Moreover, students are more likely to interact if the pressure of constant, detailed note-talking is lessened without the risk of missing key content.

"Students will stop taking notes during lectures if they have access to recordings"

Research (carried out by McKinney, Dyck and Luber, 2009) indicated that students that used lecture recordings took more extensive notes.  Given that note-taking is known to increase academic performance (Kiewra, 1985), students may benefit from the ability to reinforce their lecture notes at a pace of their own choosing.

"There's no support for this technology and I don't know how to use it"

The E-Learning Team have produced a Moodle course for staff which covers many aspects of the service, including recording vodcasts or mini-lectures on a laptop to editing lecture recordings.  There are also regular workshops for staff and students.

"I have neither the time or the digital skills required to edit and publish my recordings"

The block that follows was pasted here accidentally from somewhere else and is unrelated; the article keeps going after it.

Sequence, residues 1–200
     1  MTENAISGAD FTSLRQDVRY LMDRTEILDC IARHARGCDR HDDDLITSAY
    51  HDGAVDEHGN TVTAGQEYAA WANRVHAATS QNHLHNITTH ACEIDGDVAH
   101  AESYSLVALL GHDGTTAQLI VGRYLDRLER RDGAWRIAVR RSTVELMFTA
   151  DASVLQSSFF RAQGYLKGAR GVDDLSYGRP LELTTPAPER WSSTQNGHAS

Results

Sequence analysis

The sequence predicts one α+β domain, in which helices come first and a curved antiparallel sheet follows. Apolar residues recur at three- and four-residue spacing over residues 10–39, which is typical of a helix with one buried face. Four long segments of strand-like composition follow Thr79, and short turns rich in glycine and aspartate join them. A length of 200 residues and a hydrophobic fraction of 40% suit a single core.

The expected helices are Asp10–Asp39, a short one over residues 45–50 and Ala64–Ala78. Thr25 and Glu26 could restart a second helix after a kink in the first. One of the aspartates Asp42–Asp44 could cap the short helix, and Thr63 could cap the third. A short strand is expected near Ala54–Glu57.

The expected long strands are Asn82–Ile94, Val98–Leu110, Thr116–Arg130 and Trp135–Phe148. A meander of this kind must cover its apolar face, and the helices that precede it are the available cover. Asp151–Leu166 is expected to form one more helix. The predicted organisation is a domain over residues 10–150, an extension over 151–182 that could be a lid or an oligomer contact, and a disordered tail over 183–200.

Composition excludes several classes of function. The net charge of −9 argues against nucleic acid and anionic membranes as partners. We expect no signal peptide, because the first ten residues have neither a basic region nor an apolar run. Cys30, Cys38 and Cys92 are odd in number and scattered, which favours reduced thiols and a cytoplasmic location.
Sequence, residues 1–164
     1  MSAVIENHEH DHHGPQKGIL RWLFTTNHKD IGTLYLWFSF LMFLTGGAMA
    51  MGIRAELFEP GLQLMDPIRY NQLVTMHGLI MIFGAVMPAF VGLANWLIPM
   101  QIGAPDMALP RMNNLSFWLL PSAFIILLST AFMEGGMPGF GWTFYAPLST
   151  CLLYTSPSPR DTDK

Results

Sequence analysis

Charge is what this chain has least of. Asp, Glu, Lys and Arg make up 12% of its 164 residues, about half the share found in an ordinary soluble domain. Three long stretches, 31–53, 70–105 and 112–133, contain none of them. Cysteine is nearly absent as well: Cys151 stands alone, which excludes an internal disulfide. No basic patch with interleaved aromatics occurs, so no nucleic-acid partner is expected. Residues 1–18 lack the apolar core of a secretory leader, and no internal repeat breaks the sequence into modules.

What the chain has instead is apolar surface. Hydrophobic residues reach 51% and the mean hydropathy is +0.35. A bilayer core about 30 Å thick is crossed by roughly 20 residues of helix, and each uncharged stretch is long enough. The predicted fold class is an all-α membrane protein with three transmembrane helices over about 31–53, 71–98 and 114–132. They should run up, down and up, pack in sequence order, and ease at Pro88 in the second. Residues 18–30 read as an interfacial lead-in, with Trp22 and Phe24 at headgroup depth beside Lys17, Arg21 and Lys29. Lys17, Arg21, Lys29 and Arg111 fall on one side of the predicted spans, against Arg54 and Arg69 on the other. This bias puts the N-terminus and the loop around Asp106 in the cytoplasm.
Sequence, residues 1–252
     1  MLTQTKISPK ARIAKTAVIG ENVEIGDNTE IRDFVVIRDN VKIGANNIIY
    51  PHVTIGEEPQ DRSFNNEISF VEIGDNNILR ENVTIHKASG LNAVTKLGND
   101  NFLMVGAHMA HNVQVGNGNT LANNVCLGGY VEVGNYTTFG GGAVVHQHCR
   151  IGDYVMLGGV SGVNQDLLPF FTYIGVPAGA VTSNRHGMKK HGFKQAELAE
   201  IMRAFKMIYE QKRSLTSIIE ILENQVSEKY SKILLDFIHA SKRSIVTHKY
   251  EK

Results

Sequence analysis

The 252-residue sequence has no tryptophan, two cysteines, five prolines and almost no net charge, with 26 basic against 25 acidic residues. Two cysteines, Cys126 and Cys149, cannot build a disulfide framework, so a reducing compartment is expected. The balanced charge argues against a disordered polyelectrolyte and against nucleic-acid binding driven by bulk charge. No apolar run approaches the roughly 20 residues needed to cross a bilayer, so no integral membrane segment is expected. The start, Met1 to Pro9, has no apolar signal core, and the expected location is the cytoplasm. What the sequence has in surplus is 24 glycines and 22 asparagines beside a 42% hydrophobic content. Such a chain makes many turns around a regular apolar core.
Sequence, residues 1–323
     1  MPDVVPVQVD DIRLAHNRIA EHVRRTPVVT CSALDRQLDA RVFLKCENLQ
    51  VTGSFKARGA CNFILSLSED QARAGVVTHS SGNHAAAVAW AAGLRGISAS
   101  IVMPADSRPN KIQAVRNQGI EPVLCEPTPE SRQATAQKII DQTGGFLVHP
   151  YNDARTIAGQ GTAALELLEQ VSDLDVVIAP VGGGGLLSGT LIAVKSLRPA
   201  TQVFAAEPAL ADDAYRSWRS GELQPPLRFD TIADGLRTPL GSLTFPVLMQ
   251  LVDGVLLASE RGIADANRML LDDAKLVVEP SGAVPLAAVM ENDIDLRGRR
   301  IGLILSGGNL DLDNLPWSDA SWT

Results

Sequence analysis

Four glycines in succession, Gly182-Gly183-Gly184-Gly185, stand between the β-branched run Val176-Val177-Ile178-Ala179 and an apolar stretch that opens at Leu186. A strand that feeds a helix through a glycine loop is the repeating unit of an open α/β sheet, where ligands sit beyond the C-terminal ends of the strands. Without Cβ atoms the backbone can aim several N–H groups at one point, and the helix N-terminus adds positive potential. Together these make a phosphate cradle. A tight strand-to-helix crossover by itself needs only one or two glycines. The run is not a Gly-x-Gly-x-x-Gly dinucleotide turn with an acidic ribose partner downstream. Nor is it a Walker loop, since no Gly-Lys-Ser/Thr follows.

You are not required to edit your live lecture recordings, and the default setting is that they are published to students via Moodle automatically. 

If, however, you do wish to "top-and-tail" recordings to remove audio from before and after the lecture, this is very straightforward; it takes only minutes at most for each recording and the E-Learning Team can help you develop the required skills in no more than 15 minutes. Watch this 5 minute video to learn more (Moodle content)

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Case studies

How have colleagues at Royal Holloway used RePlay/Panopto?


Potential uses

How can RePlay/Panopto? be used in teaching, learning & assessment?